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Looking for the next babbling star

ST PHOTO ILLUSTRATION: ADAM LEE, YOUTUBE

Publication Date : 29-10-2012

 

If you could have one of the biggest stars in the world endorse your product, what would you have the person do?

Would you make him use your product while saying very nice things about it? Would you have the star drape himself across your product in a seductive manner?

Or would you dress the said star like a homeless person and have him stand in an abandoned building with irregular lighting while saying: "It's not a journey, every journey ends but we go on. The world turns and we turn with it. Plans disappear, dreams take over. But wherever I go, there you are. My luck, my fate, my fortune. Chanel No. 5. Inevitable."

For Chanel, which recently got mega- hunk Brad Pitt to peddle its perfume, there was always going to be only one clear answer: homeless incoherent babbling.

And since it was launched, the ad has been making waves. The YouTube video of it has been viewed millions of times, dozens of fans have made their own versions of it in tribute and it has been receiving plenty of free publicity from news programmes and shows such as Saturday Night Live.

There is even a Singaporean version of this.

In fact, the campaign has been so successful in spreading awareness of the Chanel brand that I think it should really start thinking about making more versions.

Specifically, I say it should really have other famous people babble about journeys and inevitability for them. There is nothing like watching an unwashed person get philosophical to make you want to buy perfume.

Anyway, I have taken the liberty of drawing up a list of possible celebrity endorsements. Chanel, you can thank me later.

1. Famous sex blogger and law student Alvin Tan: "It's not a journey, every journey ends but we go on, that is until our phone runs out of battery. God forbid that we do the dirty without taking a visual record for our blog.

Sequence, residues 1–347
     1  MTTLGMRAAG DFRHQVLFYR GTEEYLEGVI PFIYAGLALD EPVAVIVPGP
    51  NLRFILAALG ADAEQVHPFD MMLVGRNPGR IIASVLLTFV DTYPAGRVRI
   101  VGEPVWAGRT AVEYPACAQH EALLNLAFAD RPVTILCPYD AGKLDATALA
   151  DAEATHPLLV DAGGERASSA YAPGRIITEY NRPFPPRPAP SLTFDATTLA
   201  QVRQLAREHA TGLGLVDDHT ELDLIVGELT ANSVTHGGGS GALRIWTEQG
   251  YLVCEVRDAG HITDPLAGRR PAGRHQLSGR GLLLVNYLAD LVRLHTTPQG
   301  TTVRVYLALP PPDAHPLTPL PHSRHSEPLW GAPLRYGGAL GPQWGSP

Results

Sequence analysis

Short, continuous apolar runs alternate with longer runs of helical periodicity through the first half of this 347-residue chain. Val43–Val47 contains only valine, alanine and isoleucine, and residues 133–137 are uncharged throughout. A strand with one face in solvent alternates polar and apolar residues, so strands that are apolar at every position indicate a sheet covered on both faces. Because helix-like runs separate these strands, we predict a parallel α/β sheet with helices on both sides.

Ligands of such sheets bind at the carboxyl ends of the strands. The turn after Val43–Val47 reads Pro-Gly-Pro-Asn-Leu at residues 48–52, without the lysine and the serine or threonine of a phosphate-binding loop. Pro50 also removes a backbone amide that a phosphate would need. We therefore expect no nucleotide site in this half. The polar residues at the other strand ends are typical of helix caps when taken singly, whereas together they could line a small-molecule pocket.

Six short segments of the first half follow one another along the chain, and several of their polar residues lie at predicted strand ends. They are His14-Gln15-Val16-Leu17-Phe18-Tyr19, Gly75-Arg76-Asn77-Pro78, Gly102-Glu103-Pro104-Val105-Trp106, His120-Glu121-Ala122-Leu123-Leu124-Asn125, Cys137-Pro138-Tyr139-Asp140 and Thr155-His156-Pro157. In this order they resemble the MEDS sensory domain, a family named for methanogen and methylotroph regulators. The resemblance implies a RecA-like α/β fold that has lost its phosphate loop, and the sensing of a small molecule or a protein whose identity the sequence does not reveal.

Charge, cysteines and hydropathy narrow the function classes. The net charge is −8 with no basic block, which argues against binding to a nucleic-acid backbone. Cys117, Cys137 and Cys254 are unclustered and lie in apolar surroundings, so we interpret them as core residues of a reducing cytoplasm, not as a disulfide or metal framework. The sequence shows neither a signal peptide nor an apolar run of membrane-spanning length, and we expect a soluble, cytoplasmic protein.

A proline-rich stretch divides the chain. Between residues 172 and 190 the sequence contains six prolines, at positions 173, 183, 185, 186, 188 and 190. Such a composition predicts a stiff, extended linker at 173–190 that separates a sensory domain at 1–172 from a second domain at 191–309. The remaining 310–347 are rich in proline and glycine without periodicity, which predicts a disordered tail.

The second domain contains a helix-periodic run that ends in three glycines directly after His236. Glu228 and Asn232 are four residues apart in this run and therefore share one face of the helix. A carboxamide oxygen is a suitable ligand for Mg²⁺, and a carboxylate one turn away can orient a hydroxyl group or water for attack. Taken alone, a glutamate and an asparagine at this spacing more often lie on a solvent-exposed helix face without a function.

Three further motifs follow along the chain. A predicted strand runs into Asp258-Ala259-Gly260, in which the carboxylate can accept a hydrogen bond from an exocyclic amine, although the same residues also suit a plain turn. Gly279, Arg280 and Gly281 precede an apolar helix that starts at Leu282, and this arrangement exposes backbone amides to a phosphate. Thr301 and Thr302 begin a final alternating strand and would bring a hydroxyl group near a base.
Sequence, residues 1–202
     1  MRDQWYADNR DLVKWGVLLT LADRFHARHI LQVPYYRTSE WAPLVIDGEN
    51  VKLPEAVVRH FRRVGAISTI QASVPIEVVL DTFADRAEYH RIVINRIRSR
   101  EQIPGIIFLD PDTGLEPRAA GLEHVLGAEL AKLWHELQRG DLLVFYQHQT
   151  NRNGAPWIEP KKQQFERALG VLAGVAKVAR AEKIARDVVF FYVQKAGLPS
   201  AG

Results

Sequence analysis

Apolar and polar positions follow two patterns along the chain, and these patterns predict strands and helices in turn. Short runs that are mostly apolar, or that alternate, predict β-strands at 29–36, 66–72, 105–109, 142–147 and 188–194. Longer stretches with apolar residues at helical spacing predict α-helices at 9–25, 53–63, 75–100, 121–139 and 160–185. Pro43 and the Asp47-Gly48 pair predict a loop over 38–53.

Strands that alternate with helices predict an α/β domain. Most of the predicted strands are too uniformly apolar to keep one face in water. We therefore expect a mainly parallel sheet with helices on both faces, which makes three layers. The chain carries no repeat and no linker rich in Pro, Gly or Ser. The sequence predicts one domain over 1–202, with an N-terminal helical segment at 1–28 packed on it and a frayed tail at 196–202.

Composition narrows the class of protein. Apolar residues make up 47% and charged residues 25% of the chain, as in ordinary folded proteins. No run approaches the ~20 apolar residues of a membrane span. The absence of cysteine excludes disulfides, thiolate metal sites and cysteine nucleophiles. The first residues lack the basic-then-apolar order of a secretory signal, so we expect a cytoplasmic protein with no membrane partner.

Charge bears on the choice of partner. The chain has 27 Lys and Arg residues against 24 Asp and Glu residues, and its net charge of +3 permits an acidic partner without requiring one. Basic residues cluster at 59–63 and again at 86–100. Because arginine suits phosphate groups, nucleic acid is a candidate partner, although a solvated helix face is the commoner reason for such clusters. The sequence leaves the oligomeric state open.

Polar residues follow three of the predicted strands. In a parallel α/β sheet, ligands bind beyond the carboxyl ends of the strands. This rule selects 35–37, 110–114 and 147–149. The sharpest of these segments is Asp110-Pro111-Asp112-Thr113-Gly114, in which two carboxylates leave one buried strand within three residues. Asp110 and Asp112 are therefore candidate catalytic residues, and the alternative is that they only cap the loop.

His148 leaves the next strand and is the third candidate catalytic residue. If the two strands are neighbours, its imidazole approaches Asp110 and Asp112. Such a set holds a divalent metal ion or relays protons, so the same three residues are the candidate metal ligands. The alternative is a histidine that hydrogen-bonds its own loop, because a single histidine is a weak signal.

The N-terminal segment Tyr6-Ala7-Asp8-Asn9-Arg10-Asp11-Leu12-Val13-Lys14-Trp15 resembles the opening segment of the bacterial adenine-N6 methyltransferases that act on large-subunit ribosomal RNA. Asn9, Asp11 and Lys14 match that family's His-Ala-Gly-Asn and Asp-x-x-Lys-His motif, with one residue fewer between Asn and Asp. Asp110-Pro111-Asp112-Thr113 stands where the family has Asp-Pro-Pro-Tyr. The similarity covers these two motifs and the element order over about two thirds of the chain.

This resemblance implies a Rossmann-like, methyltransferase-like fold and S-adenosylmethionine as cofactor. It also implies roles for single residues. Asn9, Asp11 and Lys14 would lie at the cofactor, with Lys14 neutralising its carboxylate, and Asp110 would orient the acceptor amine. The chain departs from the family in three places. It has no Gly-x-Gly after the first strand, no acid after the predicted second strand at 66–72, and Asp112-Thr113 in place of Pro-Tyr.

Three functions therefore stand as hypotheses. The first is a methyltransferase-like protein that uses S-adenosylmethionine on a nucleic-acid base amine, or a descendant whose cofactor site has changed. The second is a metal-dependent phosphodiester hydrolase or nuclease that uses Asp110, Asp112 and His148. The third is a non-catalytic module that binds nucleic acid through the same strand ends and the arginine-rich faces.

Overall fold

We want to be famous and what better way to do it than with a sex blog? I personally can't think of any. This method has been tried and tested by the likes of Paris Hilton and Kim Kardashian.

The world turns and we turn with it, and then we Instagram our junk and put it online.

Plans disappear, like plans for marriage and a career outside of the porn industry. Dreams, wet ones, take over.

But wherever I go, there you are. My pictures, my videos, my trademark rainbow beanie. Expulsion from law school. Inevitable."

2. Facebook racist commenter Amy Cheong: "It's not a journey, every journey ends but these guys just keep going on and on. How long is a void deck wedding supposed to last anyway?

Wait, I know how to solve this problem. I shall write an angry post about it on my Facebook wall while making offensive generalisations about race. That should fix the problem.

The world turns and we suddenly realise there are thousands of angry comments about me online. And why is my boss from the National Trades Union Congress (NTUC) calling me about this? It is just a generic post, right?

Career plans disappear, dreams of hiding out in Australia take over. But wherever I go, there you are. My Facebook post, my luck, my neighbours making noise.

Sacked by NTUC. Inevitable."

3. Director Ken Kwek who made the controversial film Sex.Violence.FamilyValues: "It's not a journey, every journey ends but we go on, making racist jokes in the name of satire. And then we make another one. And another one, until people get slightly uncomfortable.

We do this as social commentary. After all, Singaporeans can deal with it, right? It's not like we are going to get complaints or anything. We are going to make history with this film.

Hmmm, that's not quite the history we were thinking of.

The ratings turn and we turn with them - Not Allowed For All, they say. Plans disappear, dreams of one day getting to see this movie screened in a cinema take over.

But wherever I go, there you are. My fate, my fortune, people asking me to put the movie up on YouTube.

Banned. Inevitable."

4. Psy: "It's not a journey, every journey ends but we go on, with our legs in a horse-riding stance and our hands shaking loosely in front of us.

At this point, I wish it was a journey, so then it could end. But no, people are somehow not sick of this yet.

The world does the lasso move and we do the lasso move with it.

Plans for doing other songs disappear, dreams of shooting the next person who asks me to do Gangnam Style take over.

But wherever I go, there you are. My luck, my fate, people doing the dance badly. Someone doing Gangnam Style at your wedding. Inevitable."

 

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